Made departure at 0630 and were heavily shelled a few minutes later causing several casualties. Continued to advance in face of Artillery, Machine Gun, Mortar and small arms fire which caused us to disperse near enemy strongpoint. After a short but wild engagement we were forced to withdraw into an adjacent field and take cover. Several of our squads had penetrated into enemy position and inflicted many casualties among enemy gun crews. Heavy duel continued all through the day and into the night at close range.
The shooting lasted through the night and into the next day, although Company “K” launched no further attacks. It was stalemate. Company “K” had 215 men on D-Day. Just 12 days later, Private 1st Class Capano was one of only 123 men present for duty. With German strength in the Saint-Lô area steadily increasing, on June 18, 1944, the U.S. First Army commanding officer, Major General Omar Bradley (1893–1981), temporarily called off further attacks.
The following day, June 19, 1944, was rainy. For the 29th Infantry Division, it was among the quietest days since arriving in Normandy almost two weeks earlier. The Company “K” morning report stated that the unit “Spent day slightly to rear of front reorganizing company” and orienting 50 replacement personnel.
Despite the relative calm, Private 1st Class Capano was seriously wounded that day. According to Capano’s mother’s statement, her son was treated at the 5th Evacuation Hospital from June 19, 1944, until his death on June 25, 1944. At that time, the 5th Evac was stationed at Le Molay, France. The digitized hospital admission card under Capano’s service number appears incomplete, lacking the primary diagnosis as well as the cause of injury. The card did record an unspecified leg injury and lombar pneumonia and stated that he was treated with penicillin.
Capano may never have learned about it, but on June 20, 1944, his company commander had put him in for a two-grade promotion to sergeant. That suggested that Capano was already been acting in the capacity of assistant squad leader when he was wounded. (If not, he would have been after his promotion, had he recovered and returned to his unit.) There is no evidence that his promotion was ever confirmed by higher headquarters and on all other known official records, Capano died at the grade of private 1st class.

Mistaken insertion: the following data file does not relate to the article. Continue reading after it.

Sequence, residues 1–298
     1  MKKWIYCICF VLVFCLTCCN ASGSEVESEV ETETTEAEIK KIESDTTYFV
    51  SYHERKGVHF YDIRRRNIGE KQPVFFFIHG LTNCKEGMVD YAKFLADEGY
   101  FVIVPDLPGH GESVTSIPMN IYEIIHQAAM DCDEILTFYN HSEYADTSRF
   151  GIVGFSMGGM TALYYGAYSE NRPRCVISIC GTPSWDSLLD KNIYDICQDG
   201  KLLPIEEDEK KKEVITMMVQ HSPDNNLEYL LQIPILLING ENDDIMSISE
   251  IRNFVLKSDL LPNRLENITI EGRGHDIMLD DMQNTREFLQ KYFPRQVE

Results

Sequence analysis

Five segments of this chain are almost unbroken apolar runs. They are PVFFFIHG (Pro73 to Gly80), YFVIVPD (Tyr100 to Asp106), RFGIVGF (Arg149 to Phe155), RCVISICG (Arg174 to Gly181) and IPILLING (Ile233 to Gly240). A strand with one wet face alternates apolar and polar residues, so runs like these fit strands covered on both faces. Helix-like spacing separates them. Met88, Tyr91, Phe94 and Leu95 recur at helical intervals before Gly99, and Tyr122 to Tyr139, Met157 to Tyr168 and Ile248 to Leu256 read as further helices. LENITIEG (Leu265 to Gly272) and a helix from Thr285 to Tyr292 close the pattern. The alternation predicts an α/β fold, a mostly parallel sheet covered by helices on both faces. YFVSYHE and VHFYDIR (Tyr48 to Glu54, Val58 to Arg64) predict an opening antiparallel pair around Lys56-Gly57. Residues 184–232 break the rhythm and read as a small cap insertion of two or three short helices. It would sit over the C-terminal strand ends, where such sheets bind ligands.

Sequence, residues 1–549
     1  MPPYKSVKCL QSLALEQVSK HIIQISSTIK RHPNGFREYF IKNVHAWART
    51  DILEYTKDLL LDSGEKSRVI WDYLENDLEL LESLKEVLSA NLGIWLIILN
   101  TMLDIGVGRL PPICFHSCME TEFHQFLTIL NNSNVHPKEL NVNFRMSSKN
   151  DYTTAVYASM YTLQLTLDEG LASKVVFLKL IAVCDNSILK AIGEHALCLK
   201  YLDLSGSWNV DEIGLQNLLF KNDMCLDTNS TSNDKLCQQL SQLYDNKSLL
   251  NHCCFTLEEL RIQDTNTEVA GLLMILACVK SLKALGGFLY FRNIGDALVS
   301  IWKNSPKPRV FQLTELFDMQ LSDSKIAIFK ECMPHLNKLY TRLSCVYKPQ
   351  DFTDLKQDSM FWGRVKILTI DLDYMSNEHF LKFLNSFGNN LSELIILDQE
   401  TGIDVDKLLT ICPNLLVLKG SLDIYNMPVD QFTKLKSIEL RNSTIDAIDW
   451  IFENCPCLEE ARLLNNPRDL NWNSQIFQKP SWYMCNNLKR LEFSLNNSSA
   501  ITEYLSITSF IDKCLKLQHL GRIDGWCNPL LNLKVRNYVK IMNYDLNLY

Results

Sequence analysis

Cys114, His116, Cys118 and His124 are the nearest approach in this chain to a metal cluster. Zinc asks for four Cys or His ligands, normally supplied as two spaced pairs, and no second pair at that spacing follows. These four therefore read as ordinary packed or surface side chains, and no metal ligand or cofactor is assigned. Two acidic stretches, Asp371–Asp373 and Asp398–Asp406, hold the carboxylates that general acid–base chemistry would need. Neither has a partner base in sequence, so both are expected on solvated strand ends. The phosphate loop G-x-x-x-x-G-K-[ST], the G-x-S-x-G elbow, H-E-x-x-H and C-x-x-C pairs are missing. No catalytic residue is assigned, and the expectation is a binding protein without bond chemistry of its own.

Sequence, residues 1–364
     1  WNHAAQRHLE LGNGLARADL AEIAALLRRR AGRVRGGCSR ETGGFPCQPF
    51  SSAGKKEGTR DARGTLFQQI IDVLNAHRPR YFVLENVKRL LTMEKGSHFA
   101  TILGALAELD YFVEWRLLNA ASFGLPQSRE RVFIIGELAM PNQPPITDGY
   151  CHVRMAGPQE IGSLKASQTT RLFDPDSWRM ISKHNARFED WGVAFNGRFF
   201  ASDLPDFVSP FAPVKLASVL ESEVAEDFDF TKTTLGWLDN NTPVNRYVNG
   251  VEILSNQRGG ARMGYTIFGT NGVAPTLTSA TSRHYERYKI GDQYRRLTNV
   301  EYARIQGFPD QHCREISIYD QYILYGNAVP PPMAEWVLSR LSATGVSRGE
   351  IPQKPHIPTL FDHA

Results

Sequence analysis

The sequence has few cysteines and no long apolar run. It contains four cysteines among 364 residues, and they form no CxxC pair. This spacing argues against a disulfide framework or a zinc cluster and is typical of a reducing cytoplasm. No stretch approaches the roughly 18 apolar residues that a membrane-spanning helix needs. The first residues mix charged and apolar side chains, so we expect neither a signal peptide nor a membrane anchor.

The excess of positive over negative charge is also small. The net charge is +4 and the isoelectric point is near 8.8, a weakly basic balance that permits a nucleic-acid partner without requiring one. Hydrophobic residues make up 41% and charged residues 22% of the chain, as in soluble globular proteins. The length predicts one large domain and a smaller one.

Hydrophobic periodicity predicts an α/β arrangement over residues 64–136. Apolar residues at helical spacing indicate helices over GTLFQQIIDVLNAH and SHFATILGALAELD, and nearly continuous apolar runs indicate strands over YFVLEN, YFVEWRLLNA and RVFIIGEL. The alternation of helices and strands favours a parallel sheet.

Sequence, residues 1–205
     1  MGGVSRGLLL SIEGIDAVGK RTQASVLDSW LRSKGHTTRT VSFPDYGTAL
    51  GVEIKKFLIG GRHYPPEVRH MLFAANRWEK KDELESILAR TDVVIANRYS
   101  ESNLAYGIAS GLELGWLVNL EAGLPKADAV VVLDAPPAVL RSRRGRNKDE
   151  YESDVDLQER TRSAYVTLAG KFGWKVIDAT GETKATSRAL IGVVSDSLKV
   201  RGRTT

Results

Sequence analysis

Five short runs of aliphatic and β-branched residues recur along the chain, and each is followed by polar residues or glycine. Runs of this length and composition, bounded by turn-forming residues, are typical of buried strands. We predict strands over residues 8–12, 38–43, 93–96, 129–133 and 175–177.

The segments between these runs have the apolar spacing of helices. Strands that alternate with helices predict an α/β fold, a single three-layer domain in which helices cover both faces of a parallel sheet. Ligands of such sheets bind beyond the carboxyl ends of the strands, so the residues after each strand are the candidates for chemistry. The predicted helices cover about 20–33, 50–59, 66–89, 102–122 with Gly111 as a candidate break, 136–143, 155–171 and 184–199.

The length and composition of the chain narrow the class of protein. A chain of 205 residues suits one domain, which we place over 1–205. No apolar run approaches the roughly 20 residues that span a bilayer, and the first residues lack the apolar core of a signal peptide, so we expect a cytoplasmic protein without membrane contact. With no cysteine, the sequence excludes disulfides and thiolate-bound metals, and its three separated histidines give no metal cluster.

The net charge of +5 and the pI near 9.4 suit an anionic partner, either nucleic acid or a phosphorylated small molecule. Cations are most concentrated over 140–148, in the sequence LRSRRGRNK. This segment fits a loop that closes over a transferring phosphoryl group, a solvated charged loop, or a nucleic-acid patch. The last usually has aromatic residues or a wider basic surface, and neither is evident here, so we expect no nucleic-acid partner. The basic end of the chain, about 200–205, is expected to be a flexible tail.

Private 1st Class Capano was buried on June 27, 1944, in American Cemetery No. 3 in La Cambe, France (Plot E, Row 4, Grave 64). After the war, the War Department queried the Capano family about their preference for the disposition of his remains. In a statement notarized on April 12, 1948, Joseph Capano initially requested that Private 1st Class Capano be interred in a permanent cemetery overseas. However, after he was informed that his son would be reburied in a permanent cemetery at Saint-Laurent (now known as the Normandy American Cemetery), Joseph Capano wrote back to the War Department on May 13, 1948, to request his son’s body be repatriated instead. He explained: “I am sorry if this change will cause you any inconvenience but I did not understand that the cemetery at St. Lo was only temporary and that a change would have to be made eventually.”
In early 1949, Private 1st Class Capano’s body was transferred to the S.S. Barney Kirschbaum in Cherbourg and returned to the New York Port of Embarkation. On April 11, 1949, Corporal Francis X. McKenna escorted Capano’s body aboard a B&O train from Jersey City to Wilmington. McKenna reported that he met the undertaker at the station and Capano’s father soon after. He stated that he was invited to attend the funeral the following morning, with military honors furnished by the American Legion. Following services at the Joanna Corleto Funeral Home and St. Anthony’s Roman Catholic Church in Wilmington, Capano was buried at nearby Cathedral Cemetery. His parents and brothers were also buried there after their deaths.
Immigration records listed Mario Capano with no middle name. Presumably, his middle name of James was anglicized after his arrival in the United States or added later if he did not originally have one. Census records of the era frequently altered foreign names, and he was recorded on the 1930 census as Morris Capona.
Mother’s First Name
Capano’s mother’s first name appeared in various documents as Michelana, Michelina, and Michlina. I used Michilena above since it was the name listed in the statement to the Delaware Public Archives Commission.
Cause of Wounds
Due to Capano’s hospital admission card being incomplete, the circumstances leading to his injuries are unclear. Since Company “K” was off the line (at least most of the day), the most likely cause was an enemy artillery or mortar bombardment. Indeed, the only other Company “K” casualty that day, Private 1st Class Arthur J. Berger, was wounded by artillery fragments. Since the morning report does not reveal how long the company was off the line, he potentially could have been wounded by some other cause before or after the company was withdrawn.